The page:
Border tensions are of ‘utmost concern to all sober-thinking people,’ Russia says.

As the border crisis along the European Union’s eastern flank has intensified, President Aleksandr G. Lukashenko of Belarus has once again turned to his most reliable patron and supporter: President Vladimir V. Putin of Russia. The two have met in person at least five times this year, and Moscow has been steadfast despite a storm of criticism from Western leaders.

Dmitri S. Peskov, Mr. Putin’s spokesman, said on Thursday that Russia was doing all it could to resolve the situation, according to the Russian state news agency RIA Novosti. But he also warned of the possibility of a military escalation, given the presence of troops on both sides.

“Indeed, the rise in tensions on this border where highly armed people — meaning the military — are present on both sides is a matter of utmost concern to all sober-thinking people in Europe,” Mr. Peskov told reporters.

But it was not clear what, if anything, Russia was doing to resolve a crisis that has escalated the tensions between Mr. Lukashenko and the European Union to their highest level yet since the Belarusian strongman claimed a victory in a broadly disputed election last year.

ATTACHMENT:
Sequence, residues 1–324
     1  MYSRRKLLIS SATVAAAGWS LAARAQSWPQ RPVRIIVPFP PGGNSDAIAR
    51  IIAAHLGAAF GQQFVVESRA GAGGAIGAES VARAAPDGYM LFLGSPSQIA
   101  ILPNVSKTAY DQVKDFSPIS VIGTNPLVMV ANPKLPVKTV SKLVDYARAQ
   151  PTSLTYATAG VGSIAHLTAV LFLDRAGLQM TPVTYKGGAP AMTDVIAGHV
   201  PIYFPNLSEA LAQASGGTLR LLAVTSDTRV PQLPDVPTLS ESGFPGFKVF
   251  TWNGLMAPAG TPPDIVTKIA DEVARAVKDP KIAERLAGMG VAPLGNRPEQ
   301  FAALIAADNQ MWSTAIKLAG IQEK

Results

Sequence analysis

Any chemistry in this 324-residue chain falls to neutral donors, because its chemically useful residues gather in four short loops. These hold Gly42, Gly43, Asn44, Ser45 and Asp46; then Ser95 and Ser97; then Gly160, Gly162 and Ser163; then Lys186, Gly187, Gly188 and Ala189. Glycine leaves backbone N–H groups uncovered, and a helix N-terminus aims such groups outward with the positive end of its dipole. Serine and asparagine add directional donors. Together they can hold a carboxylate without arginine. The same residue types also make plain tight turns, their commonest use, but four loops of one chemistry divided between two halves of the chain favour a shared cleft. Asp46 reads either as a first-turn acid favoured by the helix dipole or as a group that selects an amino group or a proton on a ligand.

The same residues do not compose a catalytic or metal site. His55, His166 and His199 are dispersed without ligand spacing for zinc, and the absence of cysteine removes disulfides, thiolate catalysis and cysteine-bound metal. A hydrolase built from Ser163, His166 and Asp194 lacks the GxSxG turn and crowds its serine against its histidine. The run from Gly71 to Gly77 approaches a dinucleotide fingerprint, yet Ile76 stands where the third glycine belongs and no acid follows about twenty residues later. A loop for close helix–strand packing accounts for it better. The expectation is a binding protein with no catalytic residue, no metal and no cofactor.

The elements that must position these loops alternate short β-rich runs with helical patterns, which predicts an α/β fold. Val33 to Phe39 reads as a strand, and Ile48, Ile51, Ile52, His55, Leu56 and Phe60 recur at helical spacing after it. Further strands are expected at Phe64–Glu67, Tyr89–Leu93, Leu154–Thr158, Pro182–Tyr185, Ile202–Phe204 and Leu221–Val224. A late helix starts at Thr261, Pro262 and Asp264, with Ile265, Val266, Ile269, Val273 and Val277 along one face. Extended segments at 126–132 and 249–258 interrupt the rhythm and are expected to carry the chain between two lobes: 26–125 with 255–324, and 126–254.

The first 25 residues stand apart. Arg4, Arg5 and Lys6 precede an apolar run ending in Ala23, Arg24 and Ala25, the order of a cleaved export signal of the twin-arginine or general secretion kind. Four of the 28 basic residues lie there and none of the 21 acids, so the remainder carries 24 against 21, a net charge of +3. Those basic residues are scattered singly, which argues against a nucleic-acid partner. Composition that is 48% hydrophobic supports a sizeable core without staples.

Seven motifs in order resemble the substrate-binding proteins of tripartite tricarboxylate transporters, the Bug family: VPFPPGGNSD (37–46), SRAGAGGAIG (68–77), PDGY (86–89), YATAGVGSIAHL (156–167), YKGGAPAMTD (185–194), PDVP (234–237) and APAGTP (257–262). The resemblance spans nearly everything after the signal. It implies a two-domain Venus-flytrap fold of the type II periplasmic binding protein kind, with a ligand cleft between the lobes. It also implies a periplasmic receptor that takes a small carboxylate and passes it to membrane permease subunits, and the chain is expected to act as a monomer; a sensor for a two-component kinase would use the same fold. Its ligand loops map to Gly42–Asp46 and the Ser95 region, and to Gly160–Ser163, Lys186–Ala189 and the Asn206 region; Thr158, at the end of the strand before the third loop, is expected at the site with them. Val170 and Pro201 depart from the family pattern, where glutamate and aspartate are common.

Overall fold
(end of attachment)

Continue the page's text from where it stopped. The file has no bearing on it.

To Mr. Putin, the crisis appears to be an opportunity to force European governments — many of which claim that Mr. Lukashenko is an illegitimate leader — to negotiate directly with the Belarusian ruler. On Thursday, Mr. Putin held that line in his second phone call in recent days with Chancellor Angela Merkel of Germany, who has been Europe’s primary interlocutor with the Russian president in times of crisis.

“The importance of settling the acute migration crisis that has emerged as fast as possible in accordance with international humanitarian norms was confirmed,” the Kremlin said of the phone call. “Vladimir Putin spoke in favor of resuming contacts between E.U. countries and Belarus with the goal of solving this problem.”

Underscoring Russia’s support, Russian strategic bombers conducted exercises with Belarusian forces for the second day in a row on Thursday, the Belarusian Defense Ministry said.

“We must constantly monitor the situation on the border,” Mr. Lukashenko said. “Yes, these are bombers that are able to carry nuclear weapons. But we have no other choice.”

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